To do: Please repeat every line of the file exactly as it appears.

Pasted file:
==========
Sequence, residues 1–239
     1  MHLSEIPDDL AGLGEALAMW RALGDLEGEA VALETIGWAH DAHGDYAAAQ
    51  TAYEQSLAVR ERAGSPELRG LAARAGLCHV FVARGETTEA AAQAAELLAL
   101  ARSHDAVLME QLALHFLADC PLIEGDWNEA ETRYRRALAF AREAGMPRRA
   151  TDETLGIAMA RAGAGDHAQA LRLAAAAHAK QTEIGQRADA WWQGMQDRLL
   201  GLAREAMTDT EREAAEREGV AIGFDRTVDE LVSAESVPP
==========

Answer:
Sequence, residues 1–239
     1  MHLSEIPDDL AGLGEALAMW RALGDLEGEA VALETIGWAH DAHGDYAAAQ
    51  TAYEQSLAVR ERAGSPELRG LAARAGLCHV FVARGETTEA AAQAAELLAL
   101  ARSHDAVLME QLALHFLADC PLIEGDWNEA ETRYRRALAF AREAGMPRRA
   151  TDETLGIAMA RAGAGDHAQA LRLAAAAHAK QTEIGQRADA WWQGMQDRLL
   201  GLAREAMTDT EREAAEREGV AIGFDRTVDE LVSAESVPP